The Red Umbrella Diaries: A Show and a Documentary About Sex Work (and really about healing)

You’ve probably  heard stories about sex workers. Whether as the subjects tasteless jokes or sob stories of abuse and addiction, sex workers hold an almost mythological place in our culture, as a work force that exists under layer upon layer of taboo, and off the books, in the United States. News stories surface from time to time about sex workers’ entanglements with celebrities and politicians, about big police busts, about the “them” of the sex industry. We hear their plight touted by activists and religious zealots, their status debated by politicians.

But when was the last time you heard a sex worker tell his or her own story? In front of an audience? On a stage?

I’m glad to say that I’ve attended several performances of The Red Umbrella Diaries, a sex-worker storytelling event held monthly at Happy Ending Lounge on the Lower East Side. I left these evenings feeling blessed with the opportunity to hear, first-hand, the trials, tribulations, joys, and comedies that go on every day but rarely get told. Sex workers don’t get asked to speak for themselves–the cops or the activists or the moralists always want to tell the stories for them. But the Red Umbrella Diaries, since 2009, has provided a safe and welcoming environment in which those stories are celebrated–and they are fascinating. Funny, tragic, insightful, and sometimes deeply moving.

I’m excited to report that the Diaries are taking on a new project: a one-night only engagement for a crowd of over 200 at Joe’s Pub in Greenwich Village on November 14, and a documentary about the Diaries and its performers to follow. The project’s Kickstarter has two more days to go, and has already raised its $15,000 goal, but is making a push to reach its stretch goal of $18,000 in order to fund a short film about the Trans Women’s Theatre Troupe, which will also be performing at Joe’s Pub on the 14th! I’m encouraging you all to donate whatever you can (donations start at $1–they’ve got till November 1 at 4:00 pm) to help make this happen. Not just because donating to the Kickstarter is the only way to get tickets to the Joe’s Pub show, but because… well…

Last night I went to an early rehearsal for the Joe’s Pub event to get a feel for what producer, Diaries founder, and all-around badass Audacia Ray was working on. I sat in and listened to the rough cuts of a few of the performers’ seven-minute stories, as well as the notes the group offered them afterward, and I swear I had a few breakthrough moments just from being there.

As I entered, the group was giving notes to Page, a second-generation stripper. Although I’d missed her reading of her story, when I came in, the warmth of the comments the others were offering her, and the understanding that they showed about the story’s content, struck me. Far from being catty attention-hogs, this was a group of people whose lives all brought them to similar places and whose experiences–so foreign and even shocking to most of us–aligned. Their notes were all supportive, constructive, and loving, and the group’s members don’t even know each other very well.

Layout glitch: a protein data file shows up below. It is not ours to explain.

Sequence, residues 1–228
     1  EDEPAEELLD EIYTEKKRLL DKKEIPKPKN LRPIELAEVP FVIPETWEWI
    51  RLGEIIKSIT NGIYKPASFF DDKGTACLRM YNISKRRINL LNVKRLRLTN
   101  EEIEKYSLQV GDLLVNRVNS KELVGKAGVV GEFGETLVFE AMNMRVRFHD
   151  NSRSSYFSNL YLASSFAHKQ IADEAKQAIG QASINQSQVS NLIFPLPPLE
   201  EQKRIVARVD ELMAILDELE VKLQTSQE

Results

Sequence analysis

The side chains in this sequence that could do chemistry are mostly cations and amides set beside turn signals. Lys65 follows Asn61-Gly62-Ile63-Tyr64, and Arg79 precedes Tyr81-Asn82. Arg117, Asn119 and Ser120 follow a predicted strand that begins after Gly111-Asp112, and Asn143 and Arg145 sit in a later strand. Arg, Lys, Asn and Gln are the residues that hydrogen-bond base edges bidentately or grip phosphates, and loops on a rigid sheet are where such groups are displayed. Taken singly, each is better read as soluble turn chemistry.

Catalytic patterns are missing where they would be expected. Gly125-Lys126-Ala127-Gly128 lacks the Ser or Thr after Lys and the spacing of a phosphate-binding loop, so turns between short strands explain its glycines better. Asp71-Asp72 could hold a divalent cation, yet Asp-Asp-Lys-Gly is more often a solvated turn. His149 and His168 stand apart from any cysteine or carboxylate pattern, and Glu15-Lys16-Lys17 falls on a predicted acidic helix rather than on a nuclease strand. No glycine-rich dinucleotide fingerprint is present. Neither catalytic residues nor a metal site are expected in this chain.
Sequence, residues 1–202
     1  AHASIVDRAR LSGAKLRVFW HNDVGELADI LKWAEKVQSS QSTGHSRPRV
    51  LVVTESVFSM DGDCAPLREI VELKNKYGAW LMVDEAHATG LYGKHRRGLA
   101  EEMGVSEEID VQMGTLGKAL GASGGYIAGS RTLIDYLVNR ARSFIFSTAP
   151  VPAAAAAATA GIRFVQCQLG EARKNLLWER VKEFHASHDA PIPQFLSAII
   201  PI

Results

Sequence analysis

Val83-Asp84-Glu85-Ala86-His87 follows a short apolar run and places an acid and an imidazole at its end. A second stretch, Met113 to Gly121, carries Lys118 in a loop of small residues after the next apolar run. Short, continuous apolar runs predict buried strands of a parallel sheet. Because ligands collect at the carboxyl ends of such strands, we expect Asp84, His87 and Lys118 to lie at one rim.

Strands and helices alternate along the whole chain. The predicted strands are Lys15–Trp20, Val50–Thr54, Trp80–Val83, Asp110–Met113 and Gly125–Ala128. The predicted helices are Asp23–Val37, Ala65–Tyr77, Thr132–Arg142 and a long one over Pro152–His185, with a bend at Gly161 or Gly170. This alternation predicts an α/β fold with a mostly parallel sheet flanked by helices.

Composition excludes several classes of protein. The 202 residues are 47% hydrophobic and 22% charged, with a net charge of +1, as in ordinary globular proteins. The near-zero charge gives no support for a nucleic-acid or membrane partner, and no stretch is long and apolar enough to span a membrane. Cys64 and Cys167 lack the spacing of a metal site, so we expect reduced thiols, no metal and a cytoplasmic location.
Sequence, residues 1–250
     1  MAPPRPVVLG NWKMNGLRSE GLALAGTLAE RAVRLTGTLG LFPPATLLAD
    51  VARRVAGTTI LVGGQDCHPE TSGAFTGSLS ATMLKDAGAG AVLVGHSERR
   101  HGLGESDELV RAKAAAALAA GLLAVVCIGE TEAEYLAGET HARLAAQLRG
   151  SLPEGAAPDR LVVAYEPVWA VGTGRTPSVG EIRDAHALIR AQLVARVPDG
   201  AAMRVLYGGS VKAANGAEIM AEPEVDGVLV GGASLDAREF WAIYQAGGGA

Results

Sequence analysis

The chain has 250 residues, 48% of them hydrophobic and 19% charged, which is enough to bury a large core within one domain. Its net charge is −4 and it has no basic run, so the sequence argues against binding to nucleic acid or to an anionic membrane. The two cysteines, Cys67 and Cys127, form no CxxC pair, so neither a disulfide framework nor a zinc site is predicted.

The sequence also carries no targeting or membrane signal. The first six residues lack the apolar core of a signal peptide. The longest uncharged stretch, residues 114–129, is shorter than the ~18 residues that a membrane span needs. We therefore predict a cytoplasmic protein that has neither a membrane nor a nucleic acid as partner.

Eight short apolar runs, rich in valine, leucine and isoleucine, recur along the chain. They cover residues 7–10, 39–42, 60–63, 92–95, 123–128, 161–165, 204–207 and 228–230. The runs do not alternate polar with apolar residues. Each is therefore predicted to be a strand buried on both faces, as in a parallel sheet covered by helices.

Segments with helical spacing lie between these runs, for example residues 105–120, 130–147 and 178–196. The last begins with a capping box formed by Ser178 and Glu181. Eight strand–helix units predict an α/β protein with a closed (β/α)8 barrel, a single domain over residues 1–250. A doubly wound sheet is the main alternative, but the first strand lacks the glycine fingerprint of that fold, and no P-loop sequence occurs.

Essence Revealed reads her 7-minute story for the film crew, Audacia Ray, and Page.
Essence Revealed reads her 7-minute story for the film crew, Audacia Ray, and Page.

As Essence Revealed took her place at the podium and read through her piece, it became clear to me just how badly these stories needed to be told. The group was coalescing around a shared experience of silence and repression, then bursting out of an enforced cocoon to speak about its experiences with astonishing energy. And as the evening progressed and more notes were given, I noticed that the performers were talking a lot about that energy–the energy of the stories , of the storytellers as they told them. There was a nuanced perception and ease of discussion about energy happening around me, and my brain suddenly lit up.

Sex workers are ready-made performers, as strippers, dominatrixes, go-go dancers, escorts, or anything else. Because isn’t sex work all about putting on the face that the client needs to see? About putting oneself on hold in order to make someone else feel good? About reading the energy of the client in order to tailor the experience to his or her needs? Far from the desperate denizens of an underworld that the media and our moralistic society like to paint sex workers as, the group before me was tuned-in, highly empathetic, and connected in a very real, very deep way. They were performing stories about performing, helping, and healing. This is what they do.

Cayenne Doshorow performs her piece.
Cayenne Doshorow performs her piece.

I’ve often ranted about how unjust the criminalization of many kinds of sex work is. I’ve mourned the lack of access to health care that many suffer, and the stigma attached to a workforce that performs what I consider necessary and important duties. They minister so often to the rest of us sinners (as Cayenne Doroshow will tell you if you attend the Joe’s Pub event), and somehow they are considered the ones in the wrong. And, as the group took a five-minute break between stories and Sailor brought me cookies and candy to my seat in the back of the room, I realized that we don’t need to tell their stories for them. We need to learn to shut up and learn to listen, and let ourselves be healed.

More info in the video below, and of course on the Kickstarter page:

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